Beyond the inflight bar: how about an inflight beauty spa?

When it comes to imaginative thinking, the sky's the limit...

By David Flynn, January 30 2020
Beyond the inflight bar: how about an inflight beauty spa?

The world of inflight cocktail bars, lounges and three-room Residence suites is as rarefied as the atmosphere itself at 40,000 feet, but they all began as literal flights of fancy – ideas freed from the gravity of conventional thinking. That's probably the best way to frame this concept for a beauty spa above the clouds.

It's certainly one way to pass the time. Just try to blot out all thoughts of those passengers suffering 'down the back' as you relax with a facial or a massage, a manicure or pedicure.

But these square metres of space don't have to be set aside for indulgent pampering – because the spa is just one configuration of what's called the Retractable Aircraft Cabin project, which adopts a modular approach to using floorspace on board a commercial Airbus or Boeing jet.

It's a bit of blue sky from Dubai Aviation Engineering Projects, an arm of the UAE government which is more usually concerned with large-scale enterprises such as Dubai's airport terminals and the airports themselves.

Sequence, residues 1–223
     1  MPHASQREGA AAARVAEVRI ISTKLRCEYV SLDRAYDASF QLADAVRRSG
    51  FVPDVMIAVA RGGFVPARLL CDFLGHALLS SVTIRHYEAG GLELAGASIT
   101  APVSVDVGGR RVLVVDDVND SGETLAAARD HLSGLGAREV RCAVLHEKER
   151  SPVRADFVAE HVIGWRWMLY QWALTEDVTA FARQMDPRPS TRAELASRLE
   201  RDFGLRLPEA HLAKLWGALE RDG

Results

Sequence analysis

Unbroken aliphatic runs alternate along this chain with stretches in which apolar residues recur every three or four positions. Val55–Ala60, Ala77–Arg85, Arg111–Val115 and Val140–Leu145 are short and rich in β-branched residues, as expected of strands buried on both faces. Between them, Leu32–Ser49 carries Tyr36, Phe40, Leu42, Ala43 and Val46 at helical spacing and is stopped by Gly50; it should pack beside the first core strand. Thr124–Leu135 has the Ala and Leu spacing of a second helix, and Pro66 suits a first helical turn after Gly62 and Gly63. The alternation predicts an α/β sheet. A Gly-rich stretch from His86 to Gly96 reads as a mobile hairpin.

The aim is to enable airlines "to re-distribute their capacity on demand for each flight in record time while the aircraft is on the ground," according to the DAEP. "The project will provide passengers with a number of options for customised airplane cabins-on-demand for entertainment and business."

The same space could be reconfigured as a chic wine bar above the clouds, with bar and table seating for a dozen passengers.

There's also an alternative treatment for younger flyers, or perhaps those who are simply younger at heart. That said, a few sessions of an arcade-style dance game would be just the thing to deter DVT.

It's worth noting, of course, that it was Dubai's Emirates which popularised the business class cocktail bar on its first Airbus A380s – and even Emirates President Sir Tim Clark wasn't convinced it would (pardon the expression) take off.

“I designed the bar at the back of the aircraft on the upper deck, on the understanding that if it didn't work, we could remove it in 96 hours and put eight more business class seats in," Clark tells Executive Traveller.

In planning for such a contingency, Emirates’ first batch of A380s came fitted with overhead lockers in the bar area to help with a speedy transition.

“All those (lockers) were left in deliberately, even though we spent an awful lot of time and money designing the bar and gilding the lily a little bit," Clark reflects. "There was a degree of concern as to how it would work... we didn't actually think that many people were going to use it, but how wrong we were!”

Read more: Behind the design and evolution of Emirates' Airbus A380 bar


David Flynn is the Editor-in-Chief of Executive Traveller and a bit of a travel tragic with a weakness for good coffee, shopping and lychee martinis.